A UK industry team selected early this year to develop and flight-test a lightweight affordable novel combat aircraft (LANCA) demonstrator for the UK Ministry of Defence has provided further details about its composition.

Led by prime contractor Spirit AeroSystems Belfast, Team Mosquito was already known to also involve Northrop Grumman UK, but on 27 April research and development company Intrepid Minds was named as avionics supplier for the unmanned aircraft.

Mosquito concept

Source: Team Mosquito

Unmanned asset could form part of the UK’s future combat air system

The UK Ministry of Defence (MoD) on 25 January announced its selection of the Spirit-led team for a £30 million ($41 million) demonstration activity, with a full-scale vehicle due to be flown by the end of 2023. The effort is exploring the potential of using such a platform as part of a future combat air system capability, including as an adjunct – or so-called loyal wingman – to the Royal Air Force’s proposed Tempest fighter.

“Supporting the MoD’s strategic objectives on pace, affordability and operational capacity, Team Mosquito will help drive collaborative innovation and competitive advantage,” says Scott McLarty, Spirit AeroSystems Belfast’s senior vice-president, Airbus programmes.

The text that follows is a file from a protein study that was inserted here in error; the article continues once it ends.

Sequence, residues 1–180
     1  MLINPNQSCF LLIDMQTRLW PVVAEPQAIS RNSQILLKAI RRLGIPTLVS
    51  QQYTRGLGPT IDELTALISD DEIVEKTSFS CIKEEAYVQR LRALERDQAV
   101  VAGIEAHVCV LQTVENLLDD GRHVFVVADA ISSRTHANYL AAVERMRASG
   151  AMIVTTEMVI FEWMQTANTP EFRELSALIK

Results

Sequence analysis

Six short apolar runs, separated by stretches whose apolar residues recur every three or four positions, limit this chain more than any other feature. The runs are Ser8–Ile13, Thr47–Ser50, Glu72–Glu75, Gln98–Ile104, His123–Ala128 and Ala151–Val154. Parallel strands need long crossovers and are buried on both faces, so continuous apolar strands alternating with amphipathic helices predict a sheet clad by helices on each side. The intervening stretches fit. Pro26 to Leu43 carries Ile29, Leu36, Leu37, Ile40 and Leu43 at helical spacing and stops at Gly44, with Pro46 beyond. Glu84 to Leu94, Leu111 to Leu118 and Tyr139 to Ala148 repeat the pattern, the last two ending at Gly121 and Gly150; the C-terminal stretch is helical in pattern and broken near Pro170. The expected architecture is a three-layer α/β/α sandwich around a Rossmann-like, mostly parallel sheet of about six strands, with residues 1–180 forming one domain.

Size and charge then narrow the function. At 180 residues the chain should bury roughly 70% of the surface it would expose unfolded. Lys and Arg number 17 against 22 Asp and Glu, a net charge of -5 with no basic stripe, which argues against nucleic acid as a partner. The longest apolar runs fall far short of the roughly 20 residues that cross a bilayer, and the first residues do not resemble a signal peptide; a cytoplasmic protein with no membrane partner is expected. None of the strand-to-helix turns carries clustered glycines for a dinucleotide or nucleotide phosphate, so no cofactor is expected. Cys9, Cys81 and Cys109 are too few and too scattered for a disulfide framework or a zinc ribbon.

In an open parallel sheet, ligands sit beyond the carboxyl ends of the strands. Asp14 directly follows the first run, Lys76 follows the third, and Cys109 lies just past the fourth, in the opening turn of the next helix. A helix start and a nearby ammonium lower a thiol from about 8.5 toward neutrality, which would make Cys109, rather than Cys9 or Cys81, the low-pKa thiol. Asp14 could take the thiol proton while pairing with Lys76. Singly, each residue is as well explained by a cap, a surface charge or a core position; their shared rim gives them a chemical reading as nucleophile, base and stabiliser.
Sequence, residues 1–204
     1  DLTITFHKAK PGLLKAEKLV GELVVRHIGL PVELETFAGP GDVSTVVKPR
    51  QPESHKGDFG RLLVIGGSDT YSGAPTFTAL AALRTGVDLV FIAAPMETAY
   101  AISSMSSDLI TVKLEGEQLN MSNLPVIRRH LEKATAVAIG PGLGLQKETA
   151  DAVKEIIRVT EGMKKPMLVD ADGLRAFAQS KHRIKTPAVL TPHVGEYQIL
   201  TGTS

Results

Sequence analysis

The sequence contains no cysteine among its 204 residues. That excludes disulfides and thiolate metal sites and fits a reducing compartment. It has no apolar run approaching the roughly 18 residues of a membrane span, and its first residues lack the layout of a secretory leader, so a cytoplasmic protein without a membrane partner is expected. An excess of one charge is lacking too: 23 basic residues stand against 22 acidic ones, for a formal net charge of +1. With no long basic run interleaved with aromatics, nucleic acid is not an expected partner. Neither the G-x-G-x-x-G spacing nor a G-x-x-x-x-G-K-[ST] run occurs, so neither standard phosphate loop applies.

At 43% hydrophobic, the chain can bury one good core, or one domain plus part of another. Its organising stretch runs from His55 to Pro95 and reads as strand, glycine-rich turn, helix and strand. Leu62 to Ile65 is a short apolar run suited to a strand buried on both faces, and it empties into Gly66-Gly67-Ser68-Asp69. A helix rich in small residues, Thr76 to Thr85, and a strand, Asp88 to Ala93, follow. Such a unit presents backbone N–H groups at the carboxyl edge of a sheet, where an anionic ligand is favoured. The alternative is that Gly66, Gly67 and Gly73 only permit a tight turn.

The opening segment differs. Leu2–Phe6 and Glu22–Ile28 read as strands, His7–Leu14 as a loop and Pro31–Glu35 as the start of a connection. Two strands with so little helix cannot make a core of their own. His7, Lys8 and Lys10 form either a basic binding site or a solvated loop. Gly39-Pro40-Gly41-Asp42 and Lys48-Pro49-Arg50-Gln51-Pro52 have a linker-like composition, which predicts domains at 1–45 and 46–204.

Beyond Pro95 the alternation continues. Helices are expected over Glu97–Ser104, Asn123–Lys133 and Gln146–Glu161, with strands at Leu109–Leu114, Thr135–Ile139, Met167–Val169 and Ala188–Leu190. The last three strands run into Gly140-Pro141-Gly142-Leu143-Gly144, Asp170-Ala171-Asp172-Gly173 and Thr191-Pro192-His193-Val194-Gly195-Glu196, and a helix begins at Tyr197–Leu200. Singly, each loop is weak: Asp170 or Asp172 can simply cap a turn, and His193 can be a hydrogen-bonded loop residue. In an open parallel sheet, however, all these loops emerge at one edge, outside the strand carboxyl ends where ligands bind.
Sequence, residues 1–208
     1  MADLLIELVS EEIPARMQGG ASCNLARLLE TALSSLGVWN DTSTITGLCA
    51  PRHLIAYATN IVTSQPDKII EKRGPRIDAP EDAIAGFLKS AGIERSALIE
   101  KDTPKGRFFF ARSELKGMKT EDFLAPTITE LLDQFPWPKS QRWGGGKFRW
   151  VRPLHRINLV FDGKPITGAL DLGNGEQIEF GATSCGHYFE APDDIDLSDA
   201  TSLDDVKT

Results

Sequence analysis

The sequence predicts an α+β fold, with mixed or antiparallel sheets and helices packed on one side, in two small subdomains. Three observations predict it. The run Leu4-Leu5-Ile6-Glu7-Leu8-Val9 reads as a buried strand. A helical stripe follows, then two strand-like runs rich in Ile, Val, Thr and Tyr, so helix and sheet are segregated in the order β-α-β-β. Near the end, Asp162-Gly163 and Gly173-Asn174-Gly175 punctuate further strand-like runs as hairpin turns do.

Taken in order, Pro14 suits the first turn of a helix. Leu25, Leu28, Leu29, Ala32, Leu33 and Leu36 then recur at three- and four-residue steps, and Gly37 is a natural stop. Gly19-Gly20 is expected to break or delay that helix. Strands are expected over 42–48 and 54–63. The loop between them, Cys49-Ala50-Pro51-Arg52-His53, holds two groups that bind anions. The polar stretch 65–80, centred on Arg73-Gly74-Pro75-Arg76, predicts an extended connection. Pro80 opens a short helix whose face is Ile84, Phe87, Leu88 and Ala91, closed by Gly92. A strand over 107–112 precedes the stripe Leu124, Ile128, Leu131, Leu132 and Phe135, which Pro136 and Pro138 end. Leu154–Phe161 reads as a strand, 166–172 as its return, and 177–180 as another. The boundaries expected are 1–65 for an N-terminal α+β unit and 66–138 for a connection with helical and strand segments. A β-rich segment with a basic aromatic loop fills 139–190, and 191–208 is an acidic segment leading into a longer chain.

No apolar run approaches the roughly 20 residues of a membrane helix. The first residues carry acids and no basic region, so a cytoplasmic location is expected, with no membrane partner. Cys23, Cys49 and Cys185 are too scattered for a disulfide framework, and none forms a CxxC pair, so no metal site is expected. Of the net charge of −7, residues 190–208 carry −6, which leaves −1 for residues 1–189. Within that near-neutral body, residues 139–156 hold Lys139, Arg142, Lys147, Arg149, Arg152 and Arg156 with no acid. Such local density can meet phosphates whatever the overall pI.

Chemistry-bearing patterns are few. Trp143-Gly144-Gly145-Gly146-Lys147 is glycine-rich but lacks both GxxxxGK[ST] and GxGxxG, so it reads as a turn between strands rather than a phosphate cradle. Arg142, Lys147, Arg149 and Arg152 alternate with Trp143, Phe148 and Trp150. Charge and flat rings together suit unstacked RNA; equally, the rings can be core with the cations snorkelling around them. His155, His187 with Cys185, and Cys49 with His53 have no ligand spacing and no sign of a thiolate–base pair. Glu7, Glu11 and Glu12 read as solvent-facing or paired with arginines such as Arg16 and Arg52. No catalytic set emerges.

“Exploiting agile design principles, sophisticated digital applications, and advanced manufacturing skills, the team will generate knowledge and evidence for a potential follow-on project,” it says.

“Spirit Belfast will adapt its award-winning resin transfer infusion technology to produce a lightweight vehicle capable of uncrewed, high-speed flight,” the company says. It notes that the use of such advanced composite material will reduce airframe weight and lower fuel consumption.

In addition to providing systems engineering support during manufacturing of the prototype aircraft, Northrop’s involvement will include supplying its “international distributed autonomy/responsive control technologies, gateway offerings and advanced mesh networking capabilities to the aircraft”.

This equipment will enable “seamless human-machine collaboration and cooperative mission management across distributed manned and unmanned assets”, the company notes.

“By applying modern software development practices to a digital engineering environment, we aim to dramatically reduce the time required to build a flying demonstrator while allowing for seamless integration of additional future capabilities,” says Katharine Sealy, Northrop Grumman UK’s director of national security solutions.

Intrepid Minds’ role will span “the complete avionics system, power, lighting and integration with the ground control station”, the partners say.

“Our ability to pull in the best technologies from suppliers and integrate them centrally with our Adrestia system and Spectre hardware can rapidly enhance a system of systems approach,” notes managing director Adam Smith.